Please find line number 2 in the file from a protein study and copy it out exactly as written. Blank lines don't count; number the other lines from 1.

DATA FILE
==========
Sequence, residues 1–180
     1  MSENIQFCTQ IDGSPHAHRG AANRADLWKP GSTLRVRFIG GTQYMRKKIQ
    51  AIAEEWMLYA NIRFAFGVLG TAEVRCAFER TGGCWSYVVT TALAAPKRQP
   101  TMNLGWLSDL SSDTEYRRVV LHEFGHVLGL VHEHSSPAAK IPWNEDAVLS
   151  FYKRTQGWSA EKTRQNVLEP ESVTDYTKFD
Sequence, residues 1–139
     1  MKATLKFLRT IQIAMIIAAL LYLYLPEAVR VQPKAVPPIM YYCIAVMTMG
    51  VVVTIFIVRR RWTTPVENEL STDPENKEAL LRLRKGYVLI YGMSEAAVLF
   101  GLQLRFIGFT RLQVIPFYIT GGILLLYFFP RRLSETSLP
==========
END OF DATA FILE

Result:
     1  MSENIQFCTQ IDGSPHAHRG AANRADLWKP GSTLRVRFIG GTQYMRKKIQ